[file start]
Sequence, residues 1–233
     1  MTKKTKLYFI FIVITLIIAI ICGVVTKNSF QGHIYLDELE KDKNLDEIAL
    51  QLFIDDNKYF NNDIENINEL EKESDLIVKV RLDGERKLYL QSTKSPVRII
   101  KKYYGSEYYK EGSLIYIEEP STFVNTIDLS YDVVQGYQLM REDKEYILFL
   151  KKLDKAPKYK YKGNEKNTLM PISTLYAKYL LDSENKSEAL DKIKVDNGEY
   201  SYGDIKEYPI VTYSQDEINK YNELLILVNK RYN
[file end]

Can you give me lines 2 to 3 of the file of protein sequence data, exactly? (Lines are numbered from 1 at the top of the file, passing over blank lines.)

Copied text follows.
     1  MTKKTKLYFI FIVITLIIAI ICGVVTKNSF QGHIYLDELE KDKNLDEIAL
    51  QLFIDDNKYF NNDIENINEL EKESDLIVKV RLDGERKLYL QSTKSPVRII